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Severe Pleural Effusion Due to Legionella pneumophila Respiratory Infection

João D. Bettencourt, MD; Angelo Barroso, MD; H. Carmona da Mota, MD
Arch Pediatr Adolesc Med. 1994;148(11):1218-1219. doi:10.1001/archpedi.1994.02170110104022.
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Infection with Legionella pneumophila (LP) is a rare cause of pneumonia in previously healthy children.1,2 As observed by Granados et al3 and Yu et al,4 pneumonia due to infection with LP in adults presents like a typical bacterial pneumonia. The initial clinical, radiological, and analytic differences are of little help in making a diagnosis.5,6 Empiric therapy may be necessary until the diagnosis is confirmed.7

Although not uncommon in cases of pneumonia caused by infection with LP (36%),8,9 the pleural effusion associated with it is usually minimal and much less important than that found in pneumococcal pneumonia.10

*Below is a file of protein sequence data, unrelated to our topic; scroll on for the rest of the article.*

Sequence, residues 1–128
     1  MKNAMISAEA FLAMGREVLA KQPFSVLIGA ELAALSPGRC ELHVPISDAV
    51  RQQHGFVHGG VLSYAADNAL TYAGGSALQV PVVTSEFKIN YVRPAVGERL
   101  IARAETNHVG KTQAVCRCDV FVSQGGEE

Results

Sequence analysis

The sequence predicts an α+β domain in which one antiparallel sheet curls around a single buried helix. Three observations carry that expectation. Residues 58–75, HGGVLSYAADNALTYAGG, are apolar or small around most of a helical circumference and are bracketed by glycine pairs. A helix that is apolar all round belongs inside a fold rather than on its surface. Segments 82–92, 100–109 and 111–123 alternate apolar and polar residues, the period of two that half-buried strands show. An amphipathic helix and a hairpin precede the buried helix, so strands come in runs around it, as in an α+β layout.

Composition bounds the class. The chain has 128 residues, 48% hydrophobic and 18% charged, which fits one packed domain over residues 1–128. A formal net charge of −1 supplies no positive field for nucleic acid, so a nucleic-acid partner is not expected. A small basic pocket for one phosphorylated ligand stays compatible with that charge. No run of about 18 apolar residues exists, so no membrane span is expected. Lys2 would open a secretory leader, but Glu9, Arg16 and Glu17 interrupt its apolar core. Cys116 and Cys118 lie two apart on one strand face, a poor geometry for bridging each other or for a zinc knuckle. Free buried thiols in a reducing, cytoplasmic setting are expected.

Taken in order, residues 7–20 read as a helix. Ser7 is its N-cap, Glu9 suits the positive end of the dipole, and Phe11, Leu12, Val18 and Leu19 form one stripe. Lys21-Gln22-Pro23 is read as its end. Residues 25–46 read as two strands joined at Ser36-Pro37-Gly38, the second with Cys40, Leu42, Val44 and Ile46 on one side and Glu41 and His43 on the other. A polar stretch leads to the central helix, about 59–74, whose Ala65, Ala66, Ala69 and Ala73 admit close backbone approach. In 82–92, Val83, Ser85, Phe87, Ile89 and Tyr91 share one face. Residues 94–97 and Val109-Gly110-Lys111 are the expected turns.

Herein we describe an immunologically normal 4-year-old child with a severe sporadic case of LP respiratory infection that was complicated with huge pleural effusion that consolidated and with diaphragmatic paralysis that led to surgical decortication.

Patient Report. A previously healthy 4-year-old boy presented with fever, vomiting, and


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